25 artists, mostly from the north-western parts of Russia, plan to work on the White Sea coast between Kandalaksha and Umba from July 25 to August 5. Sketches will be exhibited on August 4 at the Local History Museum in Kandalaksha. Works based on the collected materials, when ready, are promised to be presented to the public from September 21 to November 18, 2018, in the Regional Art Museum in Murmansk at Ul. Kominterna 13.
The Kukushka festival of Russian and Finnish culture and music is taking place in Vyborg (Finnish: Viipuri), Leningrad region, some 100km northwest from St. Petersburg, on the weekend of August 5-6, on the Central Market Square of the town.
More at www.kukushkafest.ru/suomeksi, in Finnish and Russian.
A sailing regatta, historic reconstruction, arts and crafts, and a concert took place on the Monastery Cape on July 2. Here is a video of the event:
Moscow ornithologist Pavel Kvartalnov has recently made, on our request that was, in turn, prompted by an enquiry by the person who contributes to the Yorkshire Regiment WW1 Remembrance site, a full set of the Arkhangelsk British Cemetery graves. They can be found at [removed on author’s requestб probably available if you ask for it].
“The exhibition Metsä (Finnish “Forest”) opens on Friday, June 2, at 5 pm. It is arranged by the Murmansk Regional Art Museum, but takes place in the Murmansk Philharmonic Society at Murmansk, ulitsa S. Perovskoy 3. It consists of 40 large black & white photographs (10 from each country), and a book has been published with 60 photos, and text in English, Finnish, Russian and Sami.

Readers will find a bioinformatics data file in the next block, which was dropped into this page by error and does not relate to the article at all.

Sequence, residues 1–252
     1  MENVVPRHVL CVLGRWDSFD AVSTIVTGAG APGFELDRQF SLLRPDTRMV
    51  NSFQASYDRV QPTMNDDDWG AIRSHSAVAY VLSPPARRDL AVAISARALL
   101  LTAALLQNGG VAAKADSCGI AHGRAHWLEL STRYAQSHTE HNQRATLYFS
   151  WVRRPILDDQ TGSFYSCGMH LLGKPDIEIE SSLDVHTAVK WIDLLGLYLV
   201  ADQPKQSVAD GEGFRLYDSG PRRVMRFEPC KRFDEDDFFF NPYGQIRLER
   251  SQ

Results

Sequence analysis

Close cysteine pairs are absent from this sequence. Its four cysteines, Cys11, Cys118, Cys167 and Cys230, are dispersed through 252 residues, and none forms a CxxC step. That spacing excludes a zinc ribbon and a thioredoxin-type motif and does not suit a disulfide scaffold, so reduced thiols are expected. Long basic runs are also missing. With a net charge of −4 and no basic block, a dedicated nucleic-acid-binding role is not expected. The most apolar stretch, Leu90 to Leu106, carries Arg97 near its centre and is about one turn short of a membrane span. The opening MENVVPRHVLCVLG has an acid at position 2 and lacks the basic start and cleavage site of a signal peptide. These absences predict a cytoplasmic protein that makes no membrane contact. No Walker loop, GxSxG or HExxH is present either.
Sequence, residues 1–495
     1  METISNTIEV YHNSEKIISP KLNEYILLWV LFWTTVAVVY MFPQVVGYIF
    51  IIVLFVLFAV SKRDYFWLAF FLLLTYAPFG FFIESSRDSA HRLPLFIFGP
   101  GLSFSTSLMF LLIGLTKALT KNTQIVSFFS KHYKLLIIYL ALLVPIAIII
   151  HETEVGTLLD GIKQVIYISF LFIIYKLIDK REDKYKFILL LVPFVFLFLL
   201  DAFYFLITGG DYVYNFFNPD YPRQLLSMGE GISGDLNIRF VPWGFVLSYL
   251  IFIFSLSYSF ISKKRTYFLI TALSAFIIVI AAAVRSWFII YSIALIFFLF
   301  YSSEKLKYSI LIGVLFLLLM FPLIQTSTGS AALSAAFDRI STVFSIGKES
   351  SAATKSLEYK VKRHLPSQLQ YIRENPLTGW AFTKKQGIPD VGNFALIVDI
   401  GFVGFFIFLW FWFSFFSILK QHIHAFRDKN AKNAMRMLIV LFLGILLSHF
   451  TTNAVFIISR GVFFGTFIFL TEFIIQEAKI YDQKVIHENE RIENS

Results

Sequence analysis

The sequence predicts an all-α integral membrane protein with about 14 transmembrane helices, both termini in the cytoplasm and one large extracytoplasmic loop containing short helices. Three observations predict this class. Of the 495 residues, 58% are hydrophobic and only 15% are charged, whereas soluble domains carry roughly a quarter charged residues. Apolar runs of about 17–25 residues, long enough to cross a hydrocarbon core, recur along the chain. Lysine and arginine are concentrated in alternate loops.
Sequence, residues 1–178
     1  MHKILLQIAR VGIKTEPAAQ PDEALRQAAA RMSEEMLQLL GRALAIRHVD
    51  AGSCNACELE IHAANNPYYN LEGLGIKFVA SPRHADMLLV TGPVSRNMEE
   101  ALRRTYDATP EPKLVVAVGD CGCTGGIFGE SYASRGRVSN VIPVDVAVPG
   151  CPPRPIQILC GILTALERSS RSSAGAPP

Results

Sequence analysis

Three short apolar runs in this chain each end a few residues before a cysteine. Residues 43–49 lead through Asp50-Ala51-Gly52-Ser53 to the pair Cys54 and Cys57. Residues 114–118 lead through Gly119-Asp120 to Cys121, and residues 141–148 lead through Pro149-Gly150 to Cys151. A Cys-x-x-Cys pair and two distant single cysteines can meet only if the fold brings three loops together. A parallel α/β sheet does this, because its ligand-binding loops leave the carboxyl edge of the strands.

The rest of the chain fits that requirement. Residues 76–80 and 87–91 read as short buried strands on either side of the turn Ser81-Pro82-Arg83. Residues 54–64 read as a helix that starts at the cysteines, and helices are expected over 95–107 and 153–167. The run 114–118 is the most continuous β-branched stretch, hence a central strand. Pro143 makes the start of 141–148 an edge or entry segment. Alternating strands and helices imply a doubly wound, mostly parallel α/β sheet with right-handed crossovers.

I enclose two word docs of the foreword I wrote in the book, in Russian and English, if you would like to mention this on your website.
For pictures, please go to my website, and copy some images from http://perberntsen.com/_artwork/_pages/metsa1.php“
Comments that you can leave under the article are welcomed and invited.
To read “Eider Farming Attempts in the USSR and Why These Failed” proceed here.
Today I’ve succumbed to the temptation to feed baby seals. These come ashore once every couple of years by the canal from the Niva cascade of hydroelectric stations opening into the Kandalaksha bay in the west end of the city. The rather fast water flow from the canal brings oxygen, which attracts herring, which, in turn, brings in adult seals with their babies. Adults catch their own fish. Babies come to the shore and get fed by people. One of classic Kandalaksha entertainments. We could not resist..
I’ve been asked several times over the last month what’s the big fuss about the proposed plans to knock down several thousand of Moscow’s outdated (mostly from the 1950s and 1960s) buildings. Here is an article, in English, summarizing what’s wrong with mayor Sobyanin’s project. And here is another one from The Moscow Times explaining why scores of Muscovites are not that happy about the authorities’ big plans.